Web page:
1. Ben. Over time your “must read blog” has become more edgy and today’s is brilliantly candid. Striped of management consultant code, the message delivered “en clair” is unambiguous. The rationale of m&A is to grab someone elses share of the pie being either a quicker route, or maybe the only way, to gain targeted market share. Supposedly, if you add 1+1=2 it gets reflected in greater turnover, profits, dividends & thereby enhanced share price. But often this is not the case. Could you illustrate a list of M&A winers & sinners from say the last 10, 20 or whatever number of deals sliced & diced whichever way is relevent? How many achieved the heralded objective of the M&A transaction? Was it less than your led to believe? Of course time heals and over time the shortcomings of the deal are masked, perhaps by the departure of the CEO to seek challenges elsewhere -and the announcement of a new and exciting strategy get talked up – but the deal still failed to deliver to expectatons.
    Deals fail because someone either paid too much or didnt understand that they, and their ways, couldnt hold onto the magic contained within the target. Maybe there are as many shortcomings with pre-acquisition due diligence as post merger integration. Both need to be got right to achieve success whichever way you measure it.


  2. Hi Alastair, great to hear from you and many thanks for your kind comments. The challenge of measuring success or failure in terms of your ‘winners or sinners’ list is a difficult one, primarily because buyers, understandably, are a little reluctant to give away much in terms of what synergies they’re expecting to achieve from the deal…sadly however, this is often less about secrecy to the market (where the purchase price would potentially move against them to reflect the uplift in benefits) and more about a genuine lack of a properly articulated, carefully managed and socialised, and risk mitigated business case! Without that, it’s hard to measure what’s been achieved. I do understand that this is difficult given the vagaries of information from the virtual data room and limitations on time and resources…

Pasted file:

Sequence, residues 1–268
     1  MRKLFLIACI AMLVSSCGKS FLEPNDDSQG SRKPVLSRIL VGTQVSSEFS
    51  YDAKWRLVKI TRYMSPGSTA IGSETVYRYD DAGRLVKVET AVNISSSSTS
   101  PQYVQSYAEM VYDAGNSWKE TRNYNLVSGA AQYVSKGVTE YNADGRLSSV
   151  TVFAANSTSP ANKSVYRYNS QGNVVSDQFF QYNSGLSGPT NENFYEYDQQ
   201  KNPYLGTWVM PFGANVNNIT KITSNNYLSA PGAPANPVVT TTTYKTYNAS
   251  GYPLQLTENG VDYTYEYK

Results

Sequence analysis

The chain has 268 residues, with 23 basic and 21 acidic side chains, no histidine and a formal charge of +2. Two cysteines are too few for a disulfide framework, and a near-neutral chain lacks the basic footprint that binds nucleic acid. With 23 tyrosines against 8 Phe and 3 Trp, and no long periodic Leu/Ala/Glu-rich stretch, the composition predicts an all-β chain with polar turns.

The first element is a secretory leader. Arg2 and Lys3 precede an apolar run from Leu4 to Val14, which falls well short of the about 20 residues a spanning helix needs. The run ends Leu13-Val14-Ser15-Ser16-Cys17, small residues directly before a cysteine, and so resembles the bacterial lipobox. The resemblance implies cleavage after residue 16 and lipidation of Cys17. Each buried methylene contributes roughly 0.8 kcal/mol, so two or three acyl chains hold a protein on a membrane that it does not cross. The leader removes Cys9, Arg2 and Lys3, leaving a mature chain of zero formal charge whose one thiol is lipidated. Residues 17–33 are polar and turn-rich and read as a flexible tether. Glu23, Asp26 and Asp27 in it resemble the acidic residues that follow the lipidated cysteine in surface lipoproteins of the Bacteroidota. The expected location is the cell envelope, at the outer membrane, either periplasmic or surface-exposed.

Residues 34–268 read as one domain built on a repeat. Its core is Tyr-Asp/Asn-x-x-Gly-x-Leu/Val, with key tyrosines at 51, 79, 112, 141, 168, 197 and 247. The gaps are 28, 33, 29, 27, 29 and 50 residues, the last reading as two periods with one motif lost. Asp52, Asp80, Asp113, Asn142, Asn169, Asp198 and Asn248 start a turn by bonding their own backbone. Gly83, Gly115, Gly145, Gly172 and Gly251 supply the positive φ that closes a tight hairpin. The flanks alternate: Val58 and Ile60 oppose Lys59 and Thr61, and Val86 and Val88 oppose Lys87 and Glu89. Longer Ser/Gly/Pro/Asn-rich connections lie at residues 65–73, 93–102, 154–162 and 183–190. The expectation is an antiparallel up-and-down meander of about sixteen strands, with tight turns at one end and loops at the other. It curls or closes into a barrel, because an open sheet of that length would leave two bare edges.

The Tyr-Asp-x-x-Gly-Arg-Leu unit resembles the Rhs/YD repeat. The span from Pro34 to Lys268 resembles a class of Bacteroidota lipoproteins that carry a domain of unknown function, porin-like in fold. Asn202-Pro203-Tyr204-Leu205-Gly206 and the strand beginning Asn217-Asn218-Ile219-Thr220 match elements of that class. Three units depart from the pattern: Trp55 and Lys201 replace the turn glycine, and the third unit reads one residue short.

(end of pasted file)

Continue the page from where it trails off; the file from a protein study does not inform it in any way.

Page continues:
I’ve been involved in quite a few deals in the past where actually finding the business case was a challenge. Having found it, it was clear that it had been drawn up to pass the investment committee process rather than actually provide a direction for the integration! Again, I can understand that but what I struggle with is that nothing is done to follow up.

    It’s interesting. In major transformation projects which involve systems related change for example, you’re seeing a trend where the money only gets released on the achievement of certain milestones…a gateway process which controls spend based on deliverables. The challenge for M&A is that the vast majority of the spend is delivered on completion and using this as a control mechanism is therefore impossible. What happens therefore is that whatever budget is approved for the integration part of the deal (often an afterthought in my experience) is managed too carefully to try and regain some control, so that whatever benefits there are, are strangled through lack of investment.

    Finally, you may have seen my response to the Mckinsey report on value creation in deals, ( This in my view, is every bit as damaging as anything else!


  3. Ben:
    Once again, you have articulated the lessons learned that unfortunately keep getting re-learned again! Yes, very few deals are true mergers. In fact, in some cases, the press release states mergers more to satisfy the ego of the acquired CEO and Board than to represent the transactions true intent.

    Also, “best of both” is usually beyond human achievement even if the intent is there. It creates more chaos and lack of clarity. Instead, more time and focus should be spent on how the acquirer might destroy deal value by not understanding the acquired company’s success from a systems perspective linked to deal value drivers.

    Accountability also remains a real issue.

    This blog entry genuinely resonated with me. It’s a great introduction to achieving success. Unfortunately, it will be just as valid and truthful today as in the future.


    • Hi Steven, great to hear from you. It makes me sad that this resonates again with you and others….spending 15 years doing the same thing time and time again and expecting a different result…! For me, the lack of learning is the worst part. Whilst I might not be in a job going forward, at least the needless destruction of innovative ideas, reduction in human productivity and engagement and value might be arrested!